First, I applaud Kurt Hester for his willingness- as an institution employee- to call out the NCAA and its role in understanding the student-athlete (SA) health and performance delivery dynamic of the strength and conditioning (S&C) coach; certifying strength and conditioning associations and their absence of a joint agreement towards one of the goals of SA health and welfare; and for once again stating the not so uncommon practice of some sport coaches dictating the responsibilities of an S&C coach in and outside the scope of their job description and expertise.
Coach Hester, you've added a spark that hopefully ignites a raging bonfire of discourse that ends up in a clear solution. These are not topics for diplomacy.
I applaud Bob Bowlsby, Commissioner of the Big 12. At this year's Big 12 media day he mentioned the NCAA will be looking at S&C coaches and what “they can do, how they're supervised, and the like”. Bowlsby is the chairman of the NCAA Division I Football Oversight Committee and hopefully this will affect the entire profession. FootballScoop.com characterized Bowlsby's discussion as the NCAA looking specifically at “…certification processes and hiring practices, as well as subsequent oversight after hiring.”
I say bring it on and when and where can I help! Here again, diplomacy does these topics no justice. Difficult questions and answers will rule the day.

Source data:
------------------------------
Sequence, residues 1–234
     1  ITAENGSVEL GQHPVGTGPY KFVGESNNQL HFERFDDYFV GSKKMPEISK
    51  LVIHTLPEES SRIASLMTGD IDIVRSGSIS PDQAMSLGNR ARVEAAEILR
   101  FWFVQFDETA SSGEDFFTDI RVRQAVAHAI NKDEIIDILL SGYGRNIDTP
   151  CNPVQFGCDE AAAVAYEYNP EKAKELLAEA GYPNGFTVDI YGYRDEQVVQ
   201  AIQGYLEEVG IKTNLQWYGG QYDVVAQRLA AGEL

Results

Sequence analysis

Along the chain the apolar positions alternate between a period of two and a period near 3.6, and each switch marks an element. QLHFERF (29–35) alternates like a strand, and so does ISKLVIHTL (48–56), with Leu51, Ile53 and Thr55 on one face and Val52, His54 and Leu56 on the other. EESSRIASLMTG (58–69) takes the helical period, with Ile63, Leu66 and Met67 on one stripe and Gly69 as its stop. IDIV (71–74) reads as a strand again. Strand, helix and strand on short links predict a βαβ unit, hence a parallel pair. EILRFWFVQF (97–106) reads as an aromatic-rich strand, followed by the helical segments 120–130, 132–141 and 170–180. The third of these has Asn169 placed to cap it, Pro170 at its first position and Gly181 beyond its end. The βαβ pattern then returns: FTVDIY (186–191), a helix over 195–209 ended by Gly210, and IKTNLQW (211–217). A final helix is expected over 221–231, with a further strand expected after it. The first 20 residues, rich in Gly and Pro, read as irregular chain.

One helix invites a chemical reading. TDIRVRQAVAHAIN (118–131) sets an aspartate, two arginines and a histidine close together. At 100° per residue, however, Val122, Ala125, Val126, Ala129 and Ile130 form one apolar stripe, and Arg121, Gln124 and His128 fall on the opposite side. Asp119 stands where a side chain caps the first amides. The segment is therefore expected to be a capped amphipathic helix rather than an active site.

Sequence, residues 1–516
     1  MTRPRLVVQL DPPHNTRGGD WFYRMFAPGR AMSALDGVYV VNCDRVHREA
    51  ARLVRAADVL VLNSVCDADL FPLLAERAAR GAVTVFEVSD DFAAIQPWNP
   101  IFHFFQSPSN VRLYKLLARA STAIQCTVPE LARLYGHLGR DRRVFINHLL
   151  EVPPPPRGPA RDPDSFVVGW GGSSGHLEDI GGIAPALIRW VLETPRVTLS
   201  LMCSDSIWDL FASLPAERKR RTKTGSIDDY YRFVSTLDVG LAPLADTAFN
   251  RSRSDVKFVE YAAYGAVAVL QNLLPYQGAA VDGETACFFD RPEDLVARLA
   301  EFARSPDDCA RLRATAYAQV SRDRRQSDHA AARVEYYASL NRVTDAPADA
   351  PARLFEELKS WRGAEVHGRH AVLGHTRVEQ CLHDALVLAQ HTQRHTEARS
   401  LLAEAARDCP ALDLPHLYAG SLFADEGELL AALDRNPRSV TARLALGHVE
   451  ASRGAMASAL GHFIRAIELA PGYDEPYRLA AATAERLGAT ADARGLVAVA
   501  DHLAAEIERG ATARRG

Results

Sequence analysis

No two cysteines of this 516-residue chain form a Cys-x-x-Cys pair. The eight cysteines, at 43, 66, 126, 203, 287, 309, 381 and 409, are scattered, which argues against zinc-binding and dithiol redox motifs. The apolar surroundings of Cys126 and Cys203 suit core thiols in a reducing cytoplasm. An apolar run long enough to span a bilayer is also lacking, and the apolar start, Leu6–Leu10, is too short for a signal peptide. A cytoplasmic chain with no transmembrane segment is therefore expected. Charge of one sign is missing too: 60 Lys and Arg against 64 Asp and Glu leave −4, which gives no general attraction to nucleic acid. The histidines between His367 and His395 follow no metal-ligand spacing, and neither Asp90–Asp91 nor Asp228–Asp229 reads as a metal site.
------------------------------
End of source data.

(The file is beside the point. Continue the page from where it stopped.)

Here is what has not been said:
The issue is NOT certification or divided S&C associations- whose joint discussions, thought by some to be nearly unified, are now recently less than that- or sport coaches stepping outside their expertise (not the only faction doing that in a performance group). Until the direct report of the S&C Unit is an S&C veteran/expert at the senior staff level (Senior Associate AD), the oversight of the Unit cannot be supervised or managed comprehensively leading to a less than fully functional and highly effective S&C department.
This subject matter expert with S&C oversight should have immediate and unfettered access to the Athletic Director and be responsible for S&C only; no sport or event responsibility. Think about it- surprising that the only department on campus whose staff literally has “hands” on every SA multiple times during the week (would love to debate those who believe otherwise) does not directly report to the Athletic Director at many institutions.
Easy to understand the staggering challenge having a working knowledge of exercise, nutrition and preventative/rehabilitation science to say nothing of the time available to critically supervise those areas.
A great deal of senior staff members who typically supervise the S&C Unit also supervise:
- Sports medicine
- Sports nutrition
- Sport psychology
- Sports science
- and 2-4 sports or other areas.
Truth be told, the Senior AD position I speak of should cover the entire performance area:
- Sports Medicine
- Sports Nutrition
- Sport Psychology
and again, with no other responsibilities.
In regards to catastrophic instances, as Bowlsby states, few are occurring during the season and “are happening during conditioning and off-season practice.” So, going forward I'd like to see the NCAA Safety In College Football Summit, whose day 1 agenda in 2016 included catastrophic injury in football, address off-season training AND encourage attendance of S&C practitioners.
Of the 70 participants, not one collegiate S&C coach was listed and no mention of off-season measures.